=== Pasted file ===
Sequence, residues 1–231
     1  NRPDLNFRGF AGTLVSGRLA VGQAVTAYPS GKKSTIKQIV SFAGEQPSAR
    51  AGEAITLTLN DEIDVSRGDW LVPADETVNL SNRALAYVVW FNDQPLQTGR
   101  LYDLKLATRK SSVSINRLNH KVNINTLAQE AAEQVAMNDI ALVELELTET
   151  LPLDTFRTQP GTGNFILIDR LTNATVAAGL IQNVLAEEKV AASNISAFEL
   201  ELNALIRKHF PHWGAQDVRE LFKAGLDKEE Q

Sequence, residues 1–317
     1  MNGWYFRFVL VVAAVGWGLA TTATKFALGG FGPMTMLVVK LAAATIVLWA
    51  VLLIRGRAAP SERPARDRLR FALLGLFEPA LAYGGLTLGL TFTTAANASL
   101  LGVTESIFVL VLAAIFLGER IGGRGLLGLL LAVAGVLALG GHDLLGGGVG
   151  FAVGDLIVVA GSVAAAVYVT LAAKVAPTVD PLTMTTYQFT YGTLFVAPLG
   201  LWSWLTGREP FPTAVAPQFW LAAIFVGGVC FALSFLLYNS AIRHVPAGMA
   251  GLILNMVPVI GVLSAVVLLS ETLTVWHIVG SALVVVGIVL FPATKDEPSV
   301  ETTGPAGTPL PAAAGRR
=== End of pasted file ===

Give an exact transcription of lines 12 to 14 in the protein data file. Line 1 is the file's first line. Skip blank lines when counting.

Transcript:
   201  LWSWLTGREP FPTAVAPQFW LAAIFVGGVC FALSFLLYNS AIRHVPAGMA
   251  GLILNMVPVI GVLSAVVLLS ETLTVWHIVG SALVVVGIVL FPATKDEPSV
   301  ETTGPAGTPL PAAAGRR